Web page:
Zoning Restrictions Deprive Church of Right to Worship

(Courtesy of the Georgia Trial Reporter)

Case Caption:  Kingdom First Ministries v. City of Atlanta
Court:  United States District Court
Settlement: $160,000
Judge: Marvin H. Shoob
Settlement Date: 3/16/2009
Plaintiff: David A. Cortman, Lawrenceville
                John Mauck, Chicago IL
                J. Lee McCoy Jr., Chicago IL

Defendant: Elizabeth B. Chandler, Atlanta
                                   Peter J. Andrews, Atlanta

A new church alleged defendant city deprived it of its constitutional rights by not allowing religious worship in a rented space due to illegal zoning restrictions. Defendant agreed to a $160,000 settlement.

Brenda Gibbons was a pastor who had signed a one-year lease, beginning November 7, 2007, for property located on Joseph E. Lowery Boulevard in Defendant City of Atlanta. Ms. Gibbons planned to use the property as a church to be called Kingdom First Ministries, the plaintiff herein. Plaintiff’s rent began at $3,650/month and then increased to $4,400, with a deposit of $6,000. The property was reportedly designated by defendant in the Community Business (C-1) zoning district, in which churches were allowed. Not long after signing the lease, plaintiff applied for a business license, but was informed by an employee of defendant that her property had been rezoned to a Special Public Interest subarea 2 zoning district (SPI-21) and she would have to apply for a special use permit in order to use the property as a church.  Plaintiff applied for the permit in January 2008 and paid the required $400 fee. She also learned she would have to meet with the neighborhood to get approval for the church. Ms. Gibbons met with the West End Neighborhood Development (WEND), but some members were adamant about not wanting a church on her property and told her they would recommend denial of her permit.  WEND also sent emails requesting the denial because it would not bring revenue to the neighborhood. On June 2, 2008, the Atlanta City Council voted unanimously to deny the permit, but gave no reason for its decision.  As a result, plaintiff had to operate in a lobby of an office building, which she said impaired the church’s operation and weekly attendance. Plaintiff also still had to pay $5,178 per month for lease payments, utility bills and storage and up to $1,000 per month for the rented office lobby space.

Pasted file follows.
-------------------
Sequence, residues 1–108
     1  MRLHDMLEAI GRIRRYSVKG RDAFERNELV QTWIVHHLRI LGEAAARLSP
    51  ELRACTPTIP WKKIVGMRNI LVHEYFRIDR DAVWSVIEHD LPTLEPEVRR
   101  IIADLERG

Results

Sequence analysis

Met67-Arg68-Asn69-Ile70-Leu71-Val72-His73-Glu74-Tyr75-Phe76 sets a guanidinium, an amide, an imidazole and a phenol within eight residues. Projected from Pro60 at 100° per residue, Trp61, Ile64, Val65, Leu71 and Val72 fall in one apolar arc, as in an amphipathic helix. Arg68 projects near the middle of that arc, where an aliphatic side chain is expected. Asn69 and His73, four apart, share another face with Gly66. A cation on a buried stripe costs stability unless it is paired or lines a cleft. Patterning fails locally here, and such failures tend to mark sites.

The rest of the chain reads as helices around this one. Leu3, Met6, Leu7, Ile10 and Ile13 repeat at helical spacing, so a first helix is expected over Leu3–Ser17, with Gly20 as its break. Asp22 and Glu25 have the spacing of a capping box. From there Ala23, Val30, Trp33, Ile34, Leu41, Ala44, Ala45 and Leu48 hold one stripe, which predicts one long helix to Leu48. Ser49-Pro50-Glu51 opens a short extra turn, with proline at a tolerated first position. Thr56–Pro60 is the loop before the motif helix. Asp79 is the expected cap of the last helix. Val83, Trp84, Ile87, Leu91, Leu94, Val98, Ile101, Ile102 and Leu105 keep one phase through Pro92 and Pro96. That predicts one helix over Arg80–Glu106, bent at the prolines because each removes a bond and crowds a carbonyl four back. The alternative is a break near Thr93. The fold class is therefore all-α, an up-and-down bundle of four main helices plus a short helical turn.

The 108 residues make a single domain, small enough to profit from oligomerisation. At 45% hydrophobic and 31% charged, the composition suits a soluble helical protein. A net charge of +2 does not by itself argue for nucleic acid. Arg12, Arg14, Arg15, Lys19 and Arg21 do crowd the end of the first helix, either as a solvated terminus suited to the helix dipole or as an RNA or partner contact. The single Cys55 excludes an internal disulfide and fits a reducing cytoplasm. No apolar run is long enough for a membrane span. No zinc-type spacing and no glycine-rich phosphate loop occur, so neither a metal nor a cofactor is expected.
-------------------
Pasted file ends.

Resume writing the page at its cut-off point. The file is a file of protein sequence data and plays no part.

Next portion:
Plaintiff alleged violation of rights under the Constitution for the use of an illegal zoning ordinance to deny the church access to property for religious worship and assembly. Plaintiff further asserted that defendant violated the Religious Land Use and Institutionalized Persons Act (RLUIPA), which prohibited government from imposing land use regulation that treated a religious assembly or institution on less than equal terms with a non-religious assembly or institution and placed a burden on the religious exercise of a person or religious assembly. Plaintiff further asserted that defendant’s ordinance violated the Equal Protection Clause of the 14th Amendment and the Free Exercise and Free Speech Clauses of the First Amendment.

Defendant asserted that plaintiff failed to provide an ante-litem notice required by Georgia Code, cause proper service of process and join a necessary and indispensable party. A resolution by the Public Safety and Legal Administration Committee authorized a $160,000 settlement, which was adopted by the Atlanta City Council in March 2009.

Alleged Injury: Monetary damages and harm to reputation.  Plaintiff sought a preliminary or permanent injunction requiring defendant to immediately permit it to use its property, as well as an injunction enjoining defendant from enforcing the ordinance. Plaintiff also requested a declaration that defendant’s requirement of churches to obtain special use permits in the district be void and unconstitutional. Plaintiff sought compensatory damages for violations of its constitutional rights and economic losses, plus costs, expenses and attorney fees.

Case Number: 1:08-CV-03100

Editor’s Notes: Plaintiff’s counsel reported that a consent order granting injunctive relief was entered three days after the complaint. Also, counsel said that, as part of the settlement, the City of Atlanta changed its zoning ordinance to bring it in line with RLUIPA.
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